Design and Evaluation of a Proactive, Application-Aware Elasticity Mechanism

In order to guarantee a reliable service quality to their customers and due to the increasing complexity of cloud applications, SaaS cloud providers usually run their business critical applications with a fixed amount of resources. This approach has drawbacks such as a higher costs (e.g., bad energy efficiency, if the system is not fully utilized), or bad performance regarding unexpected work peaks. Amazon with its EC2, for instance, provides a configurable scheduled-based and rule-based auto-scaler. However, this reactive scaling has a latency depending on resource type in the order of minutes.

Therefore, proactive and application aware auto-scalers - intelligent controllers, which can reconfigure the system on time, to ensure high availability/constant performance under changing conditions - are required. The existing auto-scalers can be classified into 5 groups and prominent examples of each class were investigated. The result of this observation is that the existing controllers are either application-specific or too generic. I.e. the auto-scalers can either perform well only on the chosen system or they perform far beyond their means.

Therefore, we introduce a novel approach of a proactive, application-aware elasticity mechanism (PAAEM). The proposed controller employs established forecast methods for short-, mid- and long-term predictions of the arriving load intensity, application knowledge, and resource demand estimation to calculate the required resources per work unit. While taking these information into account, the mechanism reconfigures the deployment of an application in a way that the supply of resources matches the current and estimated future demand for resources. I.e. PAAEM consists of two mechanism: (I) a reactive rule-based controller as fall-back insurance and (II) a proactive controller which has three major building blocks: (a) continuous workload forecasting (using a modified version of WCF) with dynamic forecast method selection, (b) a descriptive performance model/ application knowledge (DML Model@RunTime), and (c) optimized resource demand estimation approaches (using the tool LibReDe).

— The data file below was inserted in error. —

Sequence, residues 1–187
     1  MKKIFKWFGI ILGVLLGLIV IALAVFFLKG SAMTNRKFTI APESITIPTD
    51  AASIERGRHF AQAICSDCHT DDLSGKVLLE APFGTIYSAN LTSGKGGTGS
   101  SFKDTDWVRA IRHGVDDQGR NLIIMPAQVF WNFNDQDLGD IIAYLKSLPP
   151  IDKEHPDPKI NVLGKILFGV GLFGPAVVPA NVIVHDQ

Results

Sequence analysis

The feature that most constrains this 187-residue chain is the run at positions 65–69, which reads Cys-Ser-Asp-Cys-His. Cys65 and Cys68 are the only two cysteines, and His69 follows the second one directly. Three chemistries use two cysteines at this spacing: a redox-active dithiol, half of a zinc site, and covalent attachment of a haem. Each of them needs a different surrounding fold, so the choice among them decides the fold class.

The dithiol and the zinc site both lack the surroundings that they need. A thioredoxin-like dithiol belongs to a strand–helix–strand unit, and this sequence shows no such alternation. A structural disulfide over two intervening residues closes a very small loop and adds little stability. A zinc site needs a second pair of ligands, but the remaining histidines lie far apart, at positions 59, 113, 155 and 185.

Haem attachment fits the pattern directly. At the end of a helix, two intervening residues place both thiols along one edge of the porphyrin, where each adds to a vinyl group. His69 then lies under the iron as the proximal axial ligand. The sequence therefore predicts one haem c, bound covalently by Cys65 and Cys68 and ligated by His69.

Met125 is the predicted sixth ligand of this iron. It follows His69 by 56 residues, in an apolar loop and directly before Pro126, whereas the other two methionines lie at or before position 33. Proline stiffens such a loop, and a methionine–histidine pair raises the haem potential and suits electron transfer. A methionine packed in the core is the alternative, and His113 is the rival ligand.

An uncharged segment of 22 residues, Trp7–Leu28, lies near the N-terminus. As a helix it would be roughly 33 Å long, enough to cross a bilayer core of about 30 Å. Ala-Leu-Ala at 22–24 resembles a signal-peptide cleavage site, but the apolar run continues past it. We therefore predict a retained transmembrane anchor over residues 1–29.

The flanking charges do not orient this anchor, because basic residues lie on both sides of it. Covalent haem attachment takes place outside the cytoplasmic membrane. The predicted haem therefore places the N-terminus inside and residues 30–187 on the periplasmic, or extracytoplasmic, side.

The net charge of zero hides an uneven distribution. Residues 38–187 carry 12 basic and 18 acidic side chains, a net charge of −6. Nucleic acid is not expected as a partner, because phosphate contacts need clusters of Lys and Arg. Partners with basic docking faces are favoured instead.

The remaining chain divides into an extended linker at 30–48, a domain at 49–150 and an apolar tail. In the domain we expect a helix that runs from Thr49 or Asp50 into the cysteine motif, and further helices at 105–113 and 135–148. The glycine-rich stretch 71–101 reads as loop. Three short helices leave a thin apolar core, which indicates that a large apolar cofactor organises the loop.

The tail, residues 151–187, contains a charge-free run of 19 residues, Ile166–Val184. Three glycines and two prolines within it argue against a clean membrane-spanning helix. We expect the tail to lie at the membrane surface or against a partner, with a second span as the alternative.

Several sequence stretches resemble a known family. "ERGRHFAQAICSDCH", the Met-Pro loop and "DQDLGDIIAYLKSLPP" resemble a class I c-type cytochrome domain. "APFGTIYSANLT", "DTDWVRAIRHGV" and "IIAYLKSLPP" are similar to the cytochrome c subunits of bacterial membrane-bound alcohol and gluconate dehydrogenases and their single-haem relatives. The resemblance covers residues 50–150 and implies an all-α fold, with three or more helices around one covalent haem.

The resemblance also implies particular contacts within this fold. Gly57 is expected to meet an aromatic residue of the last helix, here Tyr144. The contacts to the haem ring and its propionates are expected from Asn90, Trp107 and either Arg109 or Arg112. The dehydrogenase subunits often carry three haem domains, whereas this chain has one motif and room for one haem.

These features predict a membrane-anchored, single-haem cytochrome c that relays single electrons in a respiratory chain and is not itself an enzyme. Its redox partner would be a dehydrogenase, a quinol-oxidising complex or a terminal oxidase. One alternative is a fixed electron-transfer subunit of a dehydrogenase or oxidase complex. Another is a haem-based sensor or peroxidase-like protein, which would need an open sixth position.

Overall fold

In the ongoing evaluation, we are currently comparing PAAEM against five different state-of-the-art controllers in a private CloudStack-based environment. The BUNGEE elasticity benchmark framework and metrics are used to conduct and analyse the row of experiments. As workload scenarios, an http application that solves nxn matrixes (whereas n is the request parameter) and SPECjEnterprise2010 is used. The applications are driven with variable load profiles (extracted with LIMBO from the FIFA world cup 1998 trace) generated with JMeter (instead of FABAN - as classically used by SPECjEnterprise2010). Based on power consumption measurements for each physical server load level, the consumed watts per request can be estimated for the different auto-scalers in the given workload scenario. Further Experiments (comparison, sensitivity, SPECj) are currently ongoing and results will be included in the presentation.